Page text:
the student to complete the program. The commenter questioned whether a 
student who took more than one academic year to complete a one-year 
certificate program would ever be eligible to receive any portion of a 
second-year ACG for the extra time it took to complete the program.
    Discussion: We appreciate the commenter's support of the change in 
the regulations that extends a student's eligibility for a National 
SMART Grant award for a fourth- and fifth-year student until the 
student completes his or her first undergraduate baccalaureate course 
of study. We also appreciate the commenter's recommendation that the 
regulations should extend the final year of eligibility to students 
enrolled in one-academic-year certificate programs or two-academic-year 
certificate or associate degree programs. However, to provide the 
extensions for shorter educational programs would result in an 
estimated increase in program costs of $16 million over the final two 
years of the ACG and National SMART Grant programs. To make the 
changes, we would need to identify savings to offset the cost increase. 
We have been unable to identify any offsetting savings.
    We do not agree with the commenter's assessment that a student 
enrolled in a program that is 45 credit hours and 45 weeks of 
instructional time in length would be eligible for half of a second-
year ACG. The student in that example would only qualify for a full 
first-year ACG. Section 401A(c)(3)(D) of the HEA provides that a 
student may be eligible for a second-year ACG if he or she is enrolled 
in a certificate program of not less than two years. Although the 
program in the example is longer than one-academic year in length, the 
student would not qualify for any portion of the second-year ACG 
because the program is less than two academic years in length. The 
program is an eligible program only for a first-year ACG.
    We note that in some cases, under the FFEL and Direct Loan 
programs, a student in a certificate or associate degree program that 
extends to a third-year grade level may receive funds at the third-year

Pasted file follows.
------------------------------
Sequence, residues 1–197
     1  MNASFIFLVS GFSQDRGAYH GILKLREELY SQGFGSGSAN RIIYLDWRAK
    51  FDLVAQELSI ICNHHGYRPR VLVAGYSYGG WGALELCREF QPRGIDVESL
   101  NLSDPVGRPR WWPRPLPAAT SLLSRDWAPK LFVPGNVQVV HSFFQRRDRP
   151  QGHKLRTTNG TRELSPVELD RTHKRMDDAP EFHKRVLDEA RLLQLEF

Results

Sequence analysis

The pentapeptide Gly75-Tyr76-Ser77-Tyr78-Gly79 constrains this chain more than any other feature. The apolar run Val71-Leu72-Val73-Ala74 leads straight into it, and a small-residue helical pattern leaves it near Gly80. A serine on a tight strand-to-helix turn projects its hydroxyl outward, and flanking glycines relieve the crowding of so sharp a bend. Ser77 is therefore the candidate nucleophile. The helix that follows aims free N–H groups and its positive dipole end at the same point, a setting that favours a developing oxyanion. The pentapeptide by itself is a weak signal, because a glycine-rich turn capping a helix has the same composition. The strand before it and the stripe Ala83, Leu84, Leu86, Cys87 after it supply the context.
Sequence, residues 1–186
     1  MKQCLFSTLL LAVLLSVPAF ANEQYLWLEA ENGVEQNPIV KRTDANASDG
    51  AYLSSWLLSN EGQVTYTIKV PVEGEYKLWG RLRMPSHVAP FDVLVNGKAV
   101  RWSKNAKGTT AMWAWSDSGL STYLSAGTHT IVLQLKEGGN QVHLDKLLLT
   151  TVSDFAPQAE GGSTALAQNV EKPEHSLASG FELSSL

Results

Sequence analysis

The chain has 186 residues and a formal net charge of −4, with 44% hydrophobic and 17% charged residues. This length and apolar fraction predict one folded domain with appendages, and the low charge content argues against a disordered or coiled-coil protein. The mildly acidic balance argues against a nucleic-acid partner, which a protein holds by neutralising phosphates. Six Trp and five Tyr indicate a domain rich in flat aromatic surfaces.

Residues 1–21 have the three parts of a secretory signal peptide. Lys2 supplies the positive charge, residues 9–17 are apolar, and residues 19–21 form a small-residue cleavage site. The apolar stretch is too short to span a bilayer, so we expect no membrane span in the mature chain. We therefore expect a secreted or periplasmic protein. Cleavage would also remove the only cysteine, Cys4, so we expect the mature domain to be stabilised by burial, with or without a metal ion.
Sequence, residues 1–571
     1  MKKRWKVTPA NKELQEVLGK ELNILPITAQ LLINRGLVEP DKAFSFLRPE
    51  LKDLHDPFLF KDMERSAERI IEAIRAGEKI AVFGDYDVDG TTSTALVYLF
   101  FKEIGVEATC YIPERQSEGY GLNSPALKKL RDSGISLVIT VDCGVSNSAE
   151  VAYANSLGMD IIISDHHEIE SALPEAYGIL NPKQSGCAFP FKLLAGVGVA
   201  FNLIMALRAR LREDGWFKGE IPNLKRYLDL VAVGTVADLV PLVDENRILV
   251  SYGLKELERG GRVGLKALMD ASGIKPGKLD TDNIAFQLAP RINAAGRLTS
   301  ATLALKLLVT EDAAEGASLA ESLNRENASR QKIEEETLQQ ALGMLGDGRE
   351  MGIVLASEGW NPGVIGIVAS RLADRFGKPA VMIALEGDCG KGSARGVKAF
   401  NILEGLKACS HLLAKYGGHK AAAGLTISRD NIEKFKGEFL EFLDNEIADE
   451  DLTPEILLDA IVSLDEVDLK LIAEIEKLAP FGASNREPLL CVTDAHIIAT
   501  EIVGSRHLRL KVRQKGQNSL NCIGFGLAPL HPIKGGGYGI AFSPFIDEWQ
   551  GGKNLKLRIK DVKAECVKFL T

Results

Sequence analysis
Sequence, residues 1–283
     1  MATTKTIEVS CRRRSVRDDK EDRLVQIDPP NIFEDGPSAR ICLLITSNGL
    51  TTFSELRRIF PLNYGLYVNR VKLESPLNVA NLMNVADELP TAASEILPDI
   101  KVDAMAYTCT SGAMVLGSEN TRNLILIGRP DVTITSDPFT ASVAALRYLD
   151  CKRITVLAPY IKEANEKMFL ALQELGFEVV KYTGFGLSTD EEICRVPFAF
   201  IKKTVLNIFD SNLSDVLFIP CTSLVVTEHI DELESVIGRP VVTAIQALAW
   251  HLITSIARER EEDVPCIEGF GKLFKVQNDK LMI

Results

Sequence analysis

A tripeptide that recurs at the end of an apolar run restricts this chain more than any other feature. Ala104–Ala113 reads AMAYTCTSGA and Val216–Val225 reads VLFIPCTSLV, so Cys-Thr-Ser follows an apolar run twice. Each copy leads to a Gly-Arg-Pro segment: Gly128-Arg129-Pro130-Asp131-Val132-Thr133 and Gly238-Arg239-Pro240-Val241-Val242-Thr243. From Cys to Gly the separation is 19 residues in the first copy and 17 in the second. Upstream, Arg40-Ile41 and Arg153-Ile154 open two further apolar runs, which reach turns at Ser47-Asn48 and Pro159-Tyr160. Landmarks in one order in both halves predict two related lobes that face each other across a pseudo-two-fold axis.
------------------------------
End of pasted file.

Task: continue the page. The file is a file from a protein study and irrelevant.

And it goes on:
annual loan limits. For purposes of ACG, as a third-year student, the 
student would not qualify for funds from a second-year ACG.
    Changes: None.

Eligibility To Receive a Grant (Sec.  691.15)

    Comments: One commenter noted that a student who enters college 
with a full year of credit from Advanced Placement (AP) or 
International Baccalaureate (IB) coursework will not have a grade point 
average (GPA), and therefore cannot qualify for a second-year ACG 
because he or she cannot meet the minimum 3.0 GPA required to receive 
an ACG. The commenter suggested that the Department allow the AP or IB 
exam scores to satisfy the GPA requirement, or allow the final high 
school GPA to be used, or provide some other method by which an 
equivalency for the GPA could be determined.
    Discussion: Section 401A(c)(3)(B)(ii) of the HEA specifies that to 
receive a second-year ACG, a student must obtain a cumulative GPA of at 
least 3.0 (or the equivalent as determined under regulations prescribed 
by the Secretary) at the end of the first year of the program of 
undergraduate education. The statute does not allow for any other GPA, 
such as a final high school GPA, to satisfy the 3.0 GPA requirement. 
With respect to AP or IB exam scores, there is no standardized 
methodology for equating AP or IB exam scores with undergraduate 
grades. Regulations for determining the numeric equivalent at 
institutions of higher education that assess GPA on a numeric scale 
other than a 4.0 scale were previously published. In the case of 
credits that are awarded when no postsecondary coursework has been 
completed, the Secretary believes that it is not possible to determine 
a numeric equivalent, and therefore agrees with the commenter that a 
student in this circumstance cannot qualify for a second-year ACG 
because he or she cannot meet the minimum 3.0 GPA required to receive 
an ACG.
    Changes: None.
    Comment: One commenter commended the Secretary for eliminating from 
Sec.  691.15(e) the requirement that the institution document a 
student's progress in his or her major each term. The same commenter 
stated that any requirement to document progress in the student's 
program outside of normal satisfactory academic progress is unnecessary 
and meaningless and recommended deleting all of Sec.  691.15(e).
    Discussion: The commenter misunderstood the interim final 
regulations. The Secretary did not eliminate the requirement to 
document progress in the major for each term. Rather, the interim final 
regulations removed the requirement in Sec.  691.15(c)(2)(ii) that a 
student enroll in courses necessary both to complete the degree program 
and fulfill the requirements of the eligible major each payment period, 
and that the institution document that enrollment. Section 691.15(e) 
continues to require an institution to document a student's progress in 
taking the courses necessary to complete the National SMART Grant-
eligible program in the intended or declared major. The Secretary does 
not agree that documenting progress in the student's program beyond 
that required to show a student's satisfactory academic progress under 
Sec.  668.34(e) is unnecessary or meaningless. National SMART Grant 
eligibility is determined each payment period, and institutions must 
document that a student achieved at least a 3.0 cumulative GPA for each 
payment period. Under the satisfactory academic progress regulations in